In the News
It’s officially time to put up those trees, light the menorah, and build a snowman! Holiday season is here and between browsing Amazon for gifts and decorating cookies, take a little time to learn more about potential hazards that come up around the holidays that can impact your pet.
The Decorations: Your holiday decorations bring joy, inspire the spirit of the holiday, and leave everyone feeling jolly having seen them. They can also look like tasty snacks and toys for your pets. String lights are some of the most common decorations at holidays and curious critters that give them a taste can wind up having a very shocking experience as well as burns inside of their mouth. Fragile items like special ornaments and other glass keepsakes can become broken and injure paws. Even unassuming plush ornaments or decorations can be mistaken for pet appropriate toys and parts and pieces can be swallowed. Make sure that all your pets time around decorations are supervised or out of reach.
A Special Note About Tinsel: A favorite snack of dogs and cats alike, tinsel is simply too beautiful, captivating, and shiny to resist for a lot of pets. Anyone that has had a pet and decorated with tinsel has probably had the unpleasant experience of removing a strand of tinsel from their pet’s butt because of their inability to resist giving it a try **if this happens to your pet and there is any resistance on the way out, bring your pet to a veterinarian immediately!** Tinsel can cause costly obstructions, and while that last bit may be comical, it is a serious issue and best to avoid the tinsel all together.
The Tree: When you put up a tree, your dogs first thought is “Finally! Some indoor plumbing!” and your cat thinks about what a great hiding spot to get away from the dog! Real or fake, all Christmas trees pose a toppling hazard that can cause injuries. Real trees that require watering can also be tempting to your pet, but there can be bacteria and pesticides from the farm lurking in the Christmas tree stand water, so be sure to keep pets at a safe distance. If you have pets, it is also best to go ahead and skip the cookie ornaments, popcorn garland, and salt dough ornaments- they can simply just be too tasty to resist. A baby gate around the tree when you are not able to supervise is a great way to help keep your pet safe.
The Menorah and Other Candles: Dancing flames are one of the most intriguing sights to cats! Keep your pets and house safe by making sure that any open flames are always supervised. Even a few seconds away from an open flame can spell disaster if your pet manages to knock it over or get too close and singe themselves.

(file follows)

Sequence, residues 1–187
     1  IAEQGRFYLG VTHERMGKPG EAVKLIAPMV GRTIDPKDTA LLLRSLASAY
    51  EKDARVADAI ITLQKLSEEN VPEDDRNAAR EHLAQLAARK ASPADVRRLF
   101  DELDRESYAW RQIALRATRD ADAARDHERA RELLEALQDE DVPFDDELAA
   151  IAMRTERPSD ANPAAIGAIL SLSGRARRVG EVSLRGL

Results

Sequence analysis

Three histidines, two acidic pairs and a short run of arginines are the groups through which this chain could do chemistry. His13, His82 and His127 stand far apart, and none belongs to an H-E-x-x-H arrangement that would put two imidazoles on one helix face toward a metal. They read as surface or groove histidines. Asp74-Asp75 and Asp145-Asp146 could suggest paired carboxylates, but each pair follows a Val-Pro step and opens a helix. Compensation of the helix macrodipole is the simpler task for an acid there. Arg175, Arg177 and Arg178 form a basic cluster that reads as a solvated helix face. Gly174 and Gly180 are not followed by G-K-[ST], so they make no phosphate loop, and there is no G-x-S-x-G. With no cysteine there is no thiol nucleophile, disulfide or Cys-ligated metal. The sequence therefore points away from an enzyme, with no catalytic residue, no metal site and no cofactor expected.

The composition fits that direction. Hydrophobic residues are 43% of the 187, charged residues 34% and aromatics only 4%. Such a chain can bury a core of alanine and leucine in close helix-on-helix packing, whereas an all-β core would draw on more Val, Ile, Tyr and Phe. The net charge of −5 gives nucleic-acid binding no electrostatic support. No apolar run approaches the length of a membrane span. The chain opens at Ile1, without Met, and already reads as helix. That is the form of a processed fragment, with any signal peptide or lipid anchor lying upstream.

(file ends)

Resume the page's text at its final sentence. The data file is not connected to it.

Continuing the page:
Holiday Plants: Evergreens (yes, your tree included) can cause stomach issues due to the essential oils that make them smell so good, as well as intestinal blockage. Holly has not only sharp and pointy leaves that can tear the stomach lining, but also saponins that can cause severe irritation. Mistletoe is poisonous and even a small taste can send you and your pet to the emergency vet instead of opening presents and drinking eggnog on Christmas morning. Ready for some good news? Despite popular belief, the seasons favorite plant, the poinsettia, is not as poisonous as once thought. While the plant might still cause digestive issues and vomiting if ingested in large quantities, the poinsettia is low toxicity. Be sure to keep all festive plants out of reach and to discourage even the smallest of nibbling. When it comes to mistletoe - just skip it!
Food Dangers and Pancreatitis: One of the best things about the holidays are the wonderfully rich, creamy, salty, sugary, and tasty food traditions that we love so much! You know who else is tempted by the aroma of holiday cookies baking and juicy cuts of meat slow roasting? You guessed it, your pet! While it might be tempting to share the bounty, there are certain foods that must be avoided:
- Macadamia Nuts
- Onions and Garlic
- Yeasted Dough
So, what about the foods we commonly think our pets will love? The fatty cuts off a standing rib roast, the leg bone from that perfectly cooked turkey, a chunk of that succulent salt cured ham. While these might seem like tasty treats, they can actually have some pretty adverse effects on our pets. After any major holiday associated with a large meal, we often see cases of pancreatitis and intestinal tears or obstructions caused by well meaning owners. Cooked bones can splinter and be very expensive to treat, an overabundance of fat leads to pancreatitis, and too much salt can lead to kidney and liver problems. When treating your pet this holiday season, stick to lean and uncured meats, steamed veggies with no seasonings, and tasty cookies that are made just for pets.
We hope that your holiday season is filled with special moments spent with your beloved pet! We know that this season will look different from holidays of the past, and we are here to help if you run into a holiday mishap.